This is a re-make of the 1984 film that was itself not critically acclaimed,
but still a guilty pleasure, as is this one. Of course it’s not very
believable. But it will get your patriotic juices flowing, and in an election
month, that can’t be all bad.
In the 1984 version, also set in the Pacific Northwest, we are suddenly
invaded by Russian troops. A group of high schoolers runs into the woods and
begins a guerilla movement, which gains momentum by its very audacity, even
among a cowed populace.
In the 2012 version, the invaders are North Koreans, but with Russian advisers
(never mind the political unlikelihood of that). It’s a World-War II type of
army that parachutes down, soldiers carrying rifles, using tanks and grenades
and, after they’ve taken over the town from the stunned civilian police,
begin setting up roadblocks and “informational meetings” to subdue the
hapless townsfolk. Not a drone in sight. Or a smart bomb. Or nukes, either.
Much less a computer.
But never mind the archaic military technology, either, the point is that
these kids (OK, not all of them look like teenagers because they aren’t)
must somehow find the courage within themselves to be the resistance. That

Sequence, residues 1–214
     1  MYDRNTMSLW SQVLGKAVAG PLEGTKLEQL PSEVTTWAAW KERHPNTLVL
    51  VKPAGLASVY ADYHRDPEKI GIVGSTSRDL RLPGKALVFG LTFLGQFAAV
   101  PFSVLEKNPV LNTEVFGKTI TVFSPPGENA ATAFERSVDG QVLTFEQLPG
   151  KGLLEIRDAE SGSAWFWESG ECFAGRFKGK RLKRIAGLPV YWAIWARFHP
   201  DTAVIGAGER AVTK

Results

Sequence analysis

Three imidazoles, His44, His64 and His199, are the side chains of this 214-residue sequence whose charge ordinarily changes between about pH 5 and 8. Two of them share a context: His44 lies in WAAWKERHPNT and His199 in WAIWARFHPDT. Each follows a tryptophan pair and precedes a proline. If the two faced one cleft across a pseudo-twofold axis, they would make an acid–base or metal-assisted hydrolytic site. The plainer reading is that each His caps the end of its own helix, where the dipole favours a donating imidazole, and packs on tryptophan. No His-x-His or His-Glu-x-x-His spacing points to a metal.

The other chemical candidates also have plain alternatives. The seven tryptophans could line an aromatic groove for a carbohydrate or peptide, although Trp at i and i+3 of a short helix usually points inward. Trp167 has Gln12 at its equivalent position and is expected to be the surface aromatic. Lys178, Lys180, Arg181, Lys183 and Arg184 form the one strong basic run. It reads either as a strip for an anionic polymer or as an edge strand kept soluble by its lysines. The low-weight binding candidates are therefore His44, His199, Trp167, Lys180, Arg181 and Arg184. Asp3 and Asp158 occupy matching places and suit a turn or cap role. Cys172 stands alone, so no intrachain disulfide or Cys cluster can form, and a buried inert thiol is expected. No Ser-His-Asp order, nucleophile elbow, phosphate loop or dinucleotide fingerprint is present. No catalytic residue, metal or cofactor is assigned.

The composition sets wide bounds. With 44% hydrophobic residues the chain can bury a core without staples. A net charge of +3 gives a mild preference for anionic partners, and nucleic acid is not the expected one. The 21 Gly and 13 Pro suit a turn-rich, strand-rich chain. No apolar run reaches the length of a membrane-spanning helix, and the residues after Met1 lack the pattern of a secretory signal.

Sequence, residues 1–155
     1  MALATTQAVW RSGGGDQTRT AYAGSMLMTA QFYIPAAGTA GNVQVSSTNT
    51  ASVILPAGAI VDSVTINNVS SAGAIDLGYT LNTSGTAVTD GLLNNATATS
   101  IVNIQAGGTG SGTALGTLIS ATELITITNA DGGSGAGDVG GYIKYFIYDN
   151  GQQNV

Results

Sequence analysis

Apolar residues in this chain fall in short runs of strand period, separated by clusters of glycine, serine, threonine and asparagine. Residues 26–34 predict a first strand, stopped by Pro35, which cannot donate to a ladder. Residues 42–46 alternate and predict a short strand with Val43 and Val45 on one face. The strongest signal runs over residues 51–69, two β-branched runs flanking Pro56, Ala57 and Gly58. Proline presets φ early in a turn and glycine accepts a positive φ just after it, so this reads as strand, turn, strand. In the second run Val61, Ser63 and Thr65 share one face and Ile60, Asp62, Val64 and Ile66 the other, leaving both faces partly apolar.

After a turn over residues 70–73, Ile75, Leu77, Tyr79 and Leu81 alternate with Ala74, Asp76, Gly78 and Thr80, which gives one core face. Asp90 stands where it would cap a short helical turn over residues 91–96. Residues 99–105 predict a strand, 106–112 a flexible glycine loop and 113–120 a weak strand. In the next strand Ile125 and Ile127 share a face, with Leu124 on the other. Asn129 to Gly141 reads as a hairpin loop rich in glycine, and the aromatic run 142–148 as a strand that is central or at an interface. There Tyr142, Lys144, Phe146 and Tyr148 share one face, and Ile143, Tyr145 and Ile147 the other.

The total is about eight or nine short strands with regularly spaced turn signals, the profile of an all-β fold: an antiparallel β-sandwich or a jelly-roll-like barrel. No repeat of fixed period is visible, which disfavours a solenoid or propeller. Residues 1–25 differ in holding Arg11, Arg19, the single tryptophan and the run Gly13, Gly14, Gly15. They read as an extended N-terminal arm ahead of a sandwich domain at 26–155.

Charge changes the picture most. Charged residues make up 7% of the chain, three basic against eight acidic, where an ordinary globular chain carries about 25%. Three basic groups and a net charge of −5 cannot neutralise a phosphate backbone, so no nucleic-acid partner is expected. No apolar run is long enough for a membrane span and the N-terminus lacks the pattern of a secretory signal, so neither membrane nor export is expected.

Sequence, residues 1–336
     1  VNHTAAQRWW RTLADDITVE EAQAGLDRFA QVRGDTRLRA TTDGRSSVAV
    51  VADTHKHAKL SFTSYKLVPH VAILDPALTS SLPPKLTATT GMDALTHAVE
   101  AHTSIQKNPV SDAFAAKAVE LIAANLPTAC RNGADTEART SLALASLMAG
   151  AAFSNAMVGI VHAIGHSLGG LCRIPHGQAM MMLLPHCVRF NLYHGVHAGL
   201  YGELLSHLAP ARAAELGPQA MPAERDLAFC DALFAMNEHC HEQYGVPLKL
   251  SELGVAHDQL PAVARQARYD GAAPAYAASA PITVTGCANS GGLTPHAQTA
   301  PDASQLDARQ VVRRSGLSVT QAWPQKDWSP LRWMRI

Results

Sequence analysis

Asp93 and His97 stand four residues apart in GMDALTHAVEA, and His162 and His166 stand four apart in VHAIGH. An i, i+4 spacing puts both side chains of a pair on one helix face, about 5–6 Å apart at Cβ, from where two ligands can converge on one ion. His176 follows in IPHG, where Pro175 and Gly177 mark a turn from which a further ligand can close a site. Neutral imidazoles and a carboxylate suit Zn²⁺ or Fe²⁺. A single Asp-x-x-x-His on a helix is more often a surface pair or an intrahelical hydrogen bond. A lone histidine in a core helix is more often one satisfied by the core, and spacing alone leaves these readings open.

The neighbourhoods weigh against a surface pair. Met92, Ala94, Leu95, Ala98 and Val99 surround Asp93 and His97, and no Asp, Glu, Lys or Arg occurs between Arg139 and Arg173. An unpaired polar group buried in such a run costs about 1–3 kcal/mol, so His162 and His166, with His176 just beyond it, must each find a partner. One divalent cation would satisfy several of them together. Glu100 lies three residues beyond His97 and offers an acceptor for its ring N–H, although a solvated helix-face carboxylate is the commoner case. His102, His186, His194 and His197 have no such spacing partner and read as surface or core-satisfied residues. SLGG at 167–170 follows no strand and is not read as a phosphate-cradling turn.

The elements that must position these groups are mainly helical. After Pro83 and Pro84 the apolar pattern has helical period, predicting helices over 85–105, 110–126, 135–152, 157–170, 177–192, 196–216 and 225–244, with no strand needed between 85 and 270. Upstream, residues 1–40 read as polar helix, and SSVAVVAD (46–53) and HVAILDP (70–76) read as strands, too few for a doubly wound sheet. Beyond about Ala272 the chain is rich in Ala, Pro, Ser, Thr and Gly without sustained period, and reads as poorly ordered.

means, rather than doing everything decently and in order, instead being the
force of chaos and disruption. They do whatever they can to make the
occupiers’ work more difficult. And they’re wondering what happened to our
own vaunted military machine, which, it seems, was rendered ineffective by
some kind of electronic interference device.
Our precious little band of adolescent desperados have to undergo some
physical rigors together, as well as psychological deprivation. They have to
learn to hide in the shadows, and to be suddenly and remorselessly violent.
They have to struggle with deciding who’s in charge, and who has the
authority to discipline the group. They have to deal with traitors and the
weak-willed, but worst of all, they have to accept not only “collateral”
damage but also casualties within their beloved core group, in the name of
serving the greater cause of freedom.
Of course, we’d love to think that we all have this kind of remarkable
fighting spirit, but more than that, we’d love for our enemies to be so
recognizable and available. Here, the bad guys are conveniently arrayed in the
town square, and wearing uniforms. Who wouldn’t like to have a go at them?
Alas, in “real life” in 2012, the true terrorists are not nearly so
accessible. But we can fantasize, can’t we?
Well, yes, and “Red Dawn” is definitely a wave-the-flag-proudly kind of
fantasy, a guilty pleasure which many of us would pay the price of admission
Dr. Ronald P. Salfen, Minister, St. Stephen’s Presbyterian Church, Irving,